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Mike Veeck [& Family];William III Veeck
Mike Veeck presides over son Night Train devouring a so-called “sloppy dog” during one of their many baseball stops — this one, in Florida. As the movie teases, this may not be the last we see of this tag-team.
Acey Harper/Getty Images

Watch “The Saint of Second Chances” and feel good about baseball again

Can Mike Veeck buy the White Sox, please, and bring this thing full circle?

I finally had a chance to view the new Netflix documentary about the tale of the Veeck family, The Saint of Second Chances. It was absolutely worth the 94 minutes, and as a matter of fact, I will probably even watch it again. It really was that wonderful. I'm sure I'm biased, but I'd even say it's Emmy-worthy. And if you don't have a subscription to the streaming service, find a friend who does and talk them into watching it with you. Maybe offer to bring over a few brews and some snacks as a bribe.

And if that's not enough for your friend, you need better friends.

The last two years have been brutal for us White Sox fans. There was the contention window that shut as quickly as it opened, a 101-loss season that no one anticipated, and the insular hiring of a new general manager with no experience who's supposed to fix it all, among so many others. I'm honestly tired of rehashing and thinking about all of it.

It's left many of us wondering if baseball on the South Side will ever improve. With the current ownership, is it even possible to turn things around? Of course, none of us know the answer to that question; all we can do is what we've always done. We hope things get better, and try to find a way to enjoy the game itself until then.

That's what it's about, after all, finding joy in the game. It's one of the main storylines running throughout The Saint of Second Chances. For Bill Veeck, "the most beautiful thing in the world is a ballpark filled with people." His philosophy turned into practice: If you can make it entertaining, people will come.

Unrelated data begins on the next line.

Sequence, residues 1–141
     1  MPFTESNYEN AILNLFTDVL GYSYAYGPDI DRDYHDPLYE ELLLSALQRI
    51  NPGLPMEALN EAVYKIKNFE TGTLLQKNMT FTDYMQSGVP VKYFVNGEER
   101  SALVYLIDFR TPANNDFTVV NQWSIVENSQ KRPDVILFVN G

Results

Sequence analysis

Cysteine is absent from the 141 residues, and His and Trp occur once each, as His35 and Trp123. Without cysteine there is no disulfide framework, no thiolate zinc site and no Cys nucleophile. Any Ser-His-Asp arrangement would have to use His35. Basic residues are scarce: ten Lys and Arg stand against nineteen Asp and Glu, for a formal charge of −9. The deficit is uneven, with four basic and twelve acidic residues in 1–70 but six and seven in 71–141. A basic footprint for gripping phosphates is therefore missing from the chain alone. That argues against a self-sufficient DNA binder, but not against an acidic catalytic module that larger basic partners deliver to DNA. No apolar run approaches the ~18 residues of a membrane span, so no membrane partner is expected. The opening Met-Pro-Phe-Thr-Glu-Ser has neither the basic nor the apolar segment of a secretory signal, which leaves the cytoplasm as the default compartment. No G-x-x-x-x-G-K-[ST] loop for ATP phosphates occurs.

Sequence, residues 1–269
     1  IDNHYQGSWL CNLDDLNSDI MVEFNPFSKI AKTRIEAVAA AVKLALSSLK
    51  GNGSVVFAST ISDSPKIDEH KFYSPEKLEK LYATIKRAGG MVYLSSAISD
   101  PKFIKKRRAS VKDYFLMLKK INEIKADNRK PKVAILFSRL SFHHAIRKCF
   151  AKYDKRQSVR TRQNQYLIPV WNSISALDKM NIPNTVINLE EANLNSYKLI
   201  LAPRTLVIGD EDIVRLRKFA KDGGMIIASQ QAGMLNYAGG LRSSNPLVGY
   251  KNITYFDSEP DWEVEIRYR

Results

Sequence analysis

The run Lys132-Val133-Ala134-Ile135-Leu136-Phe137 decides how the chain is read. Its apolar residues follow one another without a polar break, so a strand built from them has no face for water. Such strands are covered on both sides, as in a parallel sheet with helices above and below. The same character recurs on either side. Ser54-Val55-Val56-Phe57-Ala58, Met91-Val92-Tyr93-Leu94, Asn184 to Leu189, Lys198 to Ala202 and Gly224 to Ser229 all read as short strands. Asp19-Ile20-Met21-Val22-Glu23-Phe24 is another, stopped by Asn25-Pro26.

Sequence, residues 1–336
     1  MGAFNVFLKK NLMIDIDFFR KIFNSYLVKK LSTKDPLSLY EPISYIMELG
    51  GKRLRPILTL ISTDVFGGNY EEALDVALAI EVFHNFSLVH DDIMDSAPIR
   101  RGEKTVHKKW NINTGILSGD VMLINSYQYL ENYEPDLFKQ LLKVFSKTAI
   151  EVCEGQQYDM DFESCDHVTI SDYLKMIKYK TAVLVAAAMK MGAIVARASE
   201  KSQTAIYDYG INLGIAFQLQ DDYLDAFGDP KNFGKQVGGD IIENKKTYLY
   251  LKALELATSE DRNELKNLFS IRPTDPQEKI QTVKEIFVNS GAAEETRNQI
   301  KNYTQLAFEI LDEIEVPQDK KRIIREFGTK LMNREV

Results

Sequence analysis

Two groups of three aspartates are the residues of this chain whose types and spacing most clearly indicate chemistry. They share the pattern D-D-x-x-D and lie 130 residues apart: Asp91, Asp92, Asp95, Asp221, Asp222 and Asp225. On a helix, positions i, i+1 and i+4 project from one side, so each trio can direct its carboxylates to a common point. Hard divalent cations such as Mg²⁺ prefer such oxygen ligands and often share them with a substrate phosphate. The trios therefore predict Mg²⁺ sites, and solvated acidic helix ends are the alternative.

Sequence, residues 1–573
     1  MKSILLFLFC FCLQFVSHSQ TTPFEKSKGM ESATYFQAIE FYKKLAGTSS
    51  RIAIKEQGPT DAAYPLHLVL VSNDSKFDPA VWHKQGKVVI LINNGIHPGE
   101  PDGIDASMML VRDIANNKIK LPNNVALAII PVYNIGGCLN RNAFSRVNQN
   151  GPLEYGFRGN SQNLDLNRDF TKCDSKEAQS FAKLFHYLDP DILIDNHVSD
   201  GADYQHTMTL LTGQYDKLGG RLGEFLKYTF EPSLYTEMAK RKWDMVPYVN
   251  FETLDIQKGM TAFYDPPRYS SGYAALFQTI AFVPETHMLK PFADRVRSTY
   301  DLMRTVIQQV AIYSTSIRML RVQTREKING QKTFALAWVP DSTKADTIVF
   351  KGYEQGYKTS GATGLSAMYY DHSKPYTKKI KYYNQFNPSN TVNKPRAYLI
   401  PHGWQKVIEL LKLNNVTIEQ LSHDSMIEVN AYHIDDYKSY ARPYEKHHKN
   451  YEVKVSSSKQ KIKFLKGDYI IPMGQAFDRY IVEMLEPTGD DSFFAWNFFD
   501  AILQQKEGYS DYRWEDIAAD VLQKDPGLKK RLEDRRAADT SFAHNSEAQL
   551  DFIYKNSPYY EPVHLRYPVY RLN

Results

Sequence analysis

While the film does include many stories about the Hall of Fame owner, it primarily covers the career and life of his son, Mike, and his adventures on and off the diamond. A chip off the old block, Mike radiates an authentic love of the game. He even plays his old man in the documentary; the voice and the mannerisms are uncanny, and almost frightening. You hear that guffaw, and you'd swear Bill had risen from the grave.

Some of my favorite parts of the documentary were the incredible, vintage footage of Comiskey Park and the behind-the-scenes stories behind promotions like the exploding scoreboard, outfield shower, and Disco Demolition Night. It reminded me of what's delightful about the game of baseball and helped me feel good again about being a White Sox fan.

It also reminded me that life is short, and to be sure to love hard and often.

Do yourself a favor, and carve out some time to watch the story of the dynamic four generations of Veeck. It's not like we'll be anxiously watching the playoffs, so you have plenty of extra time on your hands now that the season is over. You will laugh, cry (I know I did), and recall everything you love about the game.

You won't regret it.


Will you watch the "The Saint of Second Chances?"

This poll is closed

  • 62%
    Absolutely! It’s in my queue right now.
    (37 votes)
  • 10%
    Nah, I can’t watch anything that touches the White Sox.
    (6 votes)
  • 27%
    I already watched it and it was great.
    (16 votes)
  • 0%
    I already watched it and it was a bust.
    (0 votes)
59 votes total Vote Now

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